Cytomegalovirus (CMV)

Consistent testing for improved patient care

A widespread virus


Cytomegalovirus (CMV) is a common virus found in people of all ages, with an estimated global seroprevalence of 83% in the general population.1People who have a CMV infection may not develop symptoms at all.


Weakened immune systems are more susceptible


While the virus generally does not cause problems for those with healthy, functioning immune systems, it can have serious consequences for immunocompromised people as transplant patients, or those possessing an immature immune system like the unborn babies, for which it can be debilitating, and even deadly.

Some 20%-60% of solid organ transplant recipients develop a symptomatic CMV infection, typically during the first few months after transplantation.2 Patients can be infected through the donor organ, or the virus can be reactivated if previously present, or acquire a new infection during the transplant process.

Once a pregnant woman acquires CMV, there is a 1 in 3 chance she will pass it to her unborn child. It has been estimated that CMV affects approximately 1% of all live births.3


CMV assays clinicians can rely on


CMV infection is a leading cause of morbidity and mortality in patients following transplantation, but can be detected quickly and treated using antiviral drugs. When it comes to successfully managing the infection and helping transplant patients enjoy long, healthy lives, consistency in test results plays a vital role.

Congenital CMV infection is the first non-genetic cause of sensorineural hearing loss and an important cause of neurodevelopmental disabilities in children. With the implementation of effective interventions to prevent maternal infection, and screening programs to timely identify an infection, the best therapeutic strategy can be promptly started for an overall improved pregnancy outcome.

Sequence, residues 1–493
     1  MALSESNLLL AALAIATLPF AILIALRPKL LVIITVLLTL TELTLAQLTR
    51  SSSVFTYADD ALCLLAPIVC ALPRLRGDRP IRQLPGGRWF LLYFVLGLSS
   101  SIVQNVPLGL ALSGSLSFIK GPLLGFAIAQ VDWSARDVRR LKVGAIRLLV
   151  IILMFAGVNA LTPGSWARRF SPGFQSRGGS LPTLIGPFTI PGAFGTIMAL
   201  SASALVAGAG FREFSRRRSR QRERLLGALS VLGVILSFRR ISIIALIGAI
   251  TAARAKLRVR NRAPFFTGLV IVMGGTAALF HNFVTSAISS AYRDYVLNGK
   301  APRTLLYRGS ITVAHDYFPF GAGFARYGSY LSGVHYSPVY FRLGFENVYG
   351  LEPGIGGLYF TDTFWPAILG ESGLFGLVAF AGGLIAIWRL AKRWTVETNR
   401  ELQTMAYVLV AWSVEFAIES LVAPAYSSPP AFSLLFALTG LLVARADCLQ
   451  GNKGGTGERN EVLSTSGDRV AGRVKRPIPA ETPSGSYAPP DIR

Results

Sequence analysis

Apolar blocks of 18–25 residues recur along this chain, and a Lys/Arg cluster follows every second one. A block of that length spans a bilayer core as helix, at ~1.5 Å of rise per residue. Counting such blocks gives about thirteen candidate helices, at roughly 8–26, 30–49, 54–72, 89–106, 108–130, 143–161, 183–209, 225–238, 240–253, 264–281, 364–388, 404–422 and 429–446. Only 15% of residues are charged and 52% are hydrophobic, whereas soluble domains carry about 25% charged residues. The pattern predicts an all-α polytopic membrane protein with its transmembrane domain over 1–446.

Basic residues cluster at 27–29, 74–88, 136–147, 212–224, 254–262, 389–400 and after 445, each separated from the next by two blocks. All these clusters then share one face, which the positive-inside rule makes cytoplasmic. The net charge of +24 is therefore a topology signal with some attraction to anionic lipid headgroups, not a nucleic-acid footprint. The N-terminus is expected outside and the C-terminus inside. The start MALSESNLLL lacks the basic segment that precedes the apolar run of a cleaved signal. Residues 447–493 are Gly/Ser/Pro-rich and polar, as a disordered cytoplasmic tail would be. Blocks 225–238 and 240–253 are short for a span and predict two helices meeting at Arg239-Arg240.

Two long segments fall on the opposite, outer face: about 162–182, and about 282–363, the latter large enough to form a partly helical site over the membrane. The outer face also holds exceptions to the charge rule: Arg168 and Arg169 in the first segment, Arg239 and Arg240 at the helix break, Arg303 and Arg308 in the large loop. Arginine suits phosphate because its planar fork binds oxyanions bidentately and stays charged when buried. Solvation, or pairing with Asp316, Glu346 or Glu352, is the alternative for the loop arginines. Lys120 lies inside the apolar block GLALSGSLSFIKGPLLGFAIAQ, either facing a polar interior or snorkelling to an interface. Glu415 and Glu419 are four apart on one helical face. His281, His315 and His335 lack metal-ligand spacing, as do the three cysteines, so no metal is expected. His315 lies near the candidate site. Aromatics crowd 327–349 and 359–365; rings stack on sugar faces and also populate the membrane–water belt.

Roche is committed to helping deter the spread and reactivation of the CMV and provides automated, WHO-standardized assays to detect and monitor the progression of CMV infections, as well as to minimize risks with comprehensive and reliable pre- and post-transplant testing. It is crucial that laboratory directors and healthcare providers use a testing solution that delivers results that are clinically validated and aligned across institutions to inform effective and successful CMV management. Moreover the burden of congenital CMV can be reduced with high-throughput and fully automated testing solutions supporting clinicians to reliably identify the cases that require attention.


  1. Zuhair M, et al. Estimation of the worldwide seroprevalence of cytomegalovirus: A systematic review and meta-analysis. Rev Med Virol. 2019 May;29(3):e2034.
  2. Emovon OE, Baillie GM, Rajagopalan PR, Chavin, KD. Infections after kidney transplantation. CME Coverage, based on Renal Week 2002: American Society of Nephrology 35th Annual Meeting. Accessed September 2023.
  3. Carlson A, et al. Cytomegalovirus infection in pregnancy: should all women be screened? Rev Obstet Gynecol. 2010 Fall;3(4):172-9.